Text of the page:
- slide 1 of 6
The propeller is the only part of ship’s machinery, apart from the rudder, that is located outside the ship’s engine room. Have you ever seen the propeller of a ship and wondered how it is connected to the inside of the ship? Have you ever wondered where the shaft holding the propeller goes when it vanishes into the ship’s hull? If so, then you have come to the right place.
The propeller, a part of the propulsion system of the ship, needs a power source to rotate it. A marine diesel engine located inside the ship supplies the power to the propeller. Both the diesel engine and propeller are very heavy: locating them both at the same place inside the ship would disturb the ship’s stability. It is for this reason a stern tube along with a propeller shaft is used.
- slide 2 of 6
What is a Stern Tube?
The stern tube, as the name suggests, is a hollow tube-like structure at the stern or rear part of the ship. A ship needs a propeller to drive it forward against the waves. The propeller, located outside the ship, needs to be connected to the engine inside the ship’s engine room.
A long shaft known as the propeller shaft is used for connecting the ship’s engine and the propeller. The stern tube is a narrow hole in the hull structure at the rear end (aft peak) of the ship, through which the propeller shaft passes and connects the engine and propeller.
- slide 3 of 6
Inside the Stern Tube
The stern tube of a ship has a peculiar shape and arrangement for carrying the propeller shaft. As the shape of the ship is streamlined at the aft end, there is very little space to accommodate the propeller shaft arrangement. The stern tube is situated at the aft peak of the ship’s hull and the propeller shaft arrangement is also situated at the same level. The forward end of the stern tube is supported by the aft peak bulk head and the aft end of the stern tube gets its support from the stern frame of the ship. Throughout the length, the shaft is supported by specially designed brackets and narrow floors inside the stern tube.
- slide 4 of 6
Stern tube Bearings and Glands
The total weight of the propeller shaft inside the stern tube is carried by the bearings known as the stern tube. The weight of the overall stern tube arrangement, along with the bearings is carried by the stern frame and the internal framing of the ship’s hull structure at the aft peak area. Moreover, there are generally two bearings inside the stern tube for supporting the shaft, located at both the ends. The main function of stern tube bearings is to allow an unrestricted and smooth rotation of the propeller shaft.
Apart from stern bearings, the stern tube also houses water and oil sealing glands known as the stern glands. The stern tube is a sensitive part of the ship where the sea water can easily seep inside. The stern glands thus seal the area between the stern tube and the propeller shaft. The glands are attached at the forward end of the stern tube and prevent the passing of sea water into the ship. The glands also prevent the leaking of oil from the stern bearings into the sea.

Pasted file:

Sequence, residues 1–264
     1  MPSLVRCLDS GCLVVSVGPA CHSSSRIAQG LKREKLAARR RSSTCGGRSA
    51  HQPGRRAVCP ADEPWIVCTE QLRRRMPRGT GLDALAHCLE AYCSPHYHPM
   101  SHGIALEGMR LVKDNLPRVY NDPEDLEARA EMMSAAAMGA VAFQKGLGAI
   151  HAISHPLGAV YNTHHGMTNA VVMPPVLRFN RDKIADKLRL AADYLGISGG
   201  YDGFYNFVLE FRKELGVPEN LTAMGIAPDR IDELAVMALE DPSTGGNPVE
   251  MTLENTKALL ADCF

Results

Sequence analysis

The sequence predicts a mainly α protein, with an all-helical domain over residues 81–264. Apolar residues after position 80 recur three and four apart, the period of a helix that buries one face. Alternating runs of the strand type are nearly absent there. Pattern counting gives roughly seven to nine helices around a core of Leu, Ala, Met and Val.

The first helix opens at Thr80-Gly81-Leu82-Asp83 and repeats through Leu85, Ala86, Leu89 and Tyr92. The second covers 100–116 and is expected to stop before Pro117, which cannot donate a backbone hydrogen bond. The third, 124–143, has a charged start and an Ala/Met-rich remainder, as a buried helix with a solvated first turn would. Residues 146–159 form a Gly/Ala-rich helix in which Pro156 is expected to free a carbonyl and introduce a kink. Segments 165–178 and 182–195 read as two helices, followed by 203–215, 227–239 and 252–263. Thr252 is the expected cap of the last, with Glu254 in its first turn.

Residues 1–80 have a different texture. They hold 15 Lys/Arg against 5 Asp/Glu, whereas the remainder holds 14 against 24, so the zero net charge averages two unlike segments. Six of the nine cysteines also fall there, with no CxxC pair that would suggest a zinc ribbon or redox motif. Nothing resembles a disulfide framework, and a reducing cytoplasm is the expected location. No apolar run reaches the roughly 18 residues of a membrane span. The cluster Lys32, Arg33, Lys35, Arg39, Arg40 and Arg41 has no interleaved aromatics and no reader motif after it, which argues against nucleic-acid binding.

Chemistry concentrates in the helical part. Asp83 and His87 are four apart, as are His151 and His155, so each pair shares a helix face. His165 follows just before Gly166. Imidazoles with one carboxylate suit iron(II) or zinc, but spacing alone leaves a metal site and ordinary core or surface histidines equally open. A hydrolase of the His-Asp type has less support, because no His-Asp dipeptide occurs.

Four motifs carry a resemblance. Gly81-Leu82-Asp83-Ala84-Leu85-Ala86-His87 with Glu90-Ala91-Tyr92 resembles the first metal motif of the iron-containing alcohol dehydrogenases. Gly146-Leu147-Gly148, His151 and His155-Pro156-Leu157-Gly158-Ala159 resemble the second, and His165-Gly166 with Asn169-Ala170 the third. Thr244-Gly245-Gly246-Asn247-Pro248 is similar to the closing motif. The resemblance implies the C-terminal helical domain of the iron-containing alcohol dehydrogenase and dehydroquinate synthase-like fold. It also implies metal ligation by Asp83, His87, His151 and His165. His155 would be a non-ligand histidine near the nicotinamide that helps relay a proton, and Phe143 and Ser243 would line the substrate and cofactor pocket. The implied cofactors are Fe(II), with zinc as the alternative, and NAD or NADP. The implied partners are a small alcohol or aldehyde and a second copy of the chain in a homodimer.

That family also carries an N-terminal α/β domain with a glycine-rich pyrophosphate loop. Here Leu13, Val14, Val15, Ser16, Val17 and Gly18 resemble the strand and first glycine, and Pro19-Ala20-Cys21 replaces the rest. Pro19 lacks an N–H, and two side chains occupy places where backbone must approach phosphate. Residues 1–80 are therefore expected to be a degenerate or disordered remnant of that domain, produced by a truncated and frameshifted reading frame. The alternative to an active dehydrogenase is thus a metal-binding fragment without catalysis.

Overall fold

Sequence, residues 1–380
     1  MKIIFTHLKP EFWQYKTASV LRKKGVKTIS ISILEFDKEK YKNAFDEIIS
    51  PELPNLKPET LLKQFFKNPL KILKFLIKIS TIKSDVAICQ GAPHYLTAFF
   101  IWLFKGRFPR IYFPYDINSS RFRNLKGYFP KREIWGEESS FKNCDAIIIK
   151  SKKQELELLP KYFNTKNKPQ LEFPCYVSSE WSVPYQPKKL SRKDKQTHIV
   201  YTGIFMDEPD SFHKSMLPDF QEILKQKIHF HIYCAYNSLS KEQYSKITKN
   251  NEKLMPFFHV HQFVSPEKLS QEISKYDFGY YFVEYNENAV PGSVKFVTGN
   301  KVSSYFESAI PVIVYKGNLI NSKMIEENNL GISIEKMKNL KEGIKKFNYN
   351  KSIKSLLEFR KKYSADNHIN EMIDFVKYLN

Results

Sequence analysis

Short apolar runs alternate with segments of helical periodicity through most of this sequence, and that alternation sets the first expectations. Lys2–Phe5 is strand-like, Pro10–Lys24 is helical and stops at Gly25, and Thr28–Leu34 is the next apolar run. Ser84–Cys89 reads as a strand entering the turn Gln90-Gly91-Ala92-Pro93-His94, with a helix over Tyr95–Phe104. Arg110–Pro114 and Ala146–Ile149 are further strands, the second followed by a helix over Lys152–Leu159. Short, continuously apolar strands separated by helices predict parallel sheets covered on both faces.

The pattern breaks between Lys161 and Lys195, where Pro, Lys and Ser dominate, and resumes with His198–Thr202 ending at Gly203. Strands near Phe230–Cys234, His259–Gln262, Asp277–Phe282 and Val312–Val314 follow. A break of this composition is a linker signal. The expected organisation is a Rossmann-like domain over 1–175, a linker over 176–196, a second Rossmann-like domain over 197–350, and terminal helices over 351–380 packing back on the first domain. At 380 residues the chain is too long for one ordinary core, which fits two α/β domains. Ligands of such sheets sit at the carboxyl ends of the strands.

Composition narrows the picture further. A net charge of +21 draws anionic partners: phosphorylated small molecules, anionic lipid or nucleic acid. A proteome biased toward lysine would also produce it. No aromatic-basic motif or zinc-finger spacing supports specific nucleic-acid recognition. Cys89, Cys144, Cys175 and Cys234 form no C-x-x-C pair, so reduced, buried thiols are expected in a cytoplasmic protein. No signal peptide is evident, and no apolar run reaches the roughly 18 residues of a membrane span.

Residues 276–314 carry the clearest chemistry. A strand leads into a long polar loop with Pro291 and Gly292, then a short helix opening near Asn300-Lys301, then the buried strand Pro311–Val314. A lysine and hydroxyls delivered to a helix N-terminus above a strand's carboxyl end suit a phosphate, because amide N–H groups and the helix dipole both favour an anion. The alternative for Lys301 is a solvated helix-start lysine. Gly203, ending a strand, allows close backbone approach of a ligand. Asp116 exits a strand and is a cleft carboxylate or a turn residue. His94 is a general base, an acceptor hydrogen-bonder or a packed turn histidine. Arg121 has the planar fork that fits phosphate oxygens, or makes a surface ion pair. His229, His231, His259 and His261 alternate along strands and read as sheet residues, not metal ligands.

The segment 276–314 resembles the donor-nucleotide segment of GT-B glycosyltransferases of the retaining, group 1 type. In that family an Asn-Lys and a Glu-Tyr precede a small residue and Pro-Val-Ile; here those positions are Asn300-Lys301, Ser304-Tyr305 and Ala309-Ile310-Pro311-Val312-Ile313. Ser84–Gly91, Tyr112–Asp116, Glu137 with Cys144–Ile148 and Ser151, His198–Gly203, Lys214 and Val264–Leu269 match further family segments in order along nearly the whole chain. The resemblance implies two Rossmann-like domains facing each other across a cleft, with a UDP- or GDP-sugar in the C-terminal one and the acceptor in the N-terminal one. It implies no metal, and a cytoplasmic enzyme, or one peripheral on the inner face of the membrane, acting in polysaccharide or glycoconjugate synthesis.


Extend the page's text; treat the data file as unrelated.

- slide 5 of 6
Seawater Lubricated Stern Tube Bearings
Editor's Note: Thording Bearings, Inc. contacted us to say we should include information on Seawater Lubricated, a method that is recommended by the EPA. As we were not familiar with this method, they graciously provided the following content and illustration to supplement this article.
Prior to the 1950’s, propeller shafts operated in water lubricated lignum vitae (a dense wood) bearings and used stuffing boxes as seals at the hull penetrations. The bearings however required regular replacement and the packings then available for the stuffing boxes were not ideal.
With increased environmental awareness and new legislation, there has been a return to seawater lubricated stern tube bearing systems. Improvements in water lubricated material technologies have resulted in greater choice of materials which can now offer improved and predictable bearing wear life with zero risk of oil pollution from the stern tube.
A seawater lubricated open system uses seawater as the lubrication medium in place of oil. The seawater is taken from the sea, pumped through non-metallic shaft bearings and returns to the sea. No stern tube oil is needed. There is no aft seal; only a forward seal to prevent seawater from entering into the engine room. Proven materials and new designs of non-metallic bearings now offer performance similar to metal shaft bearings.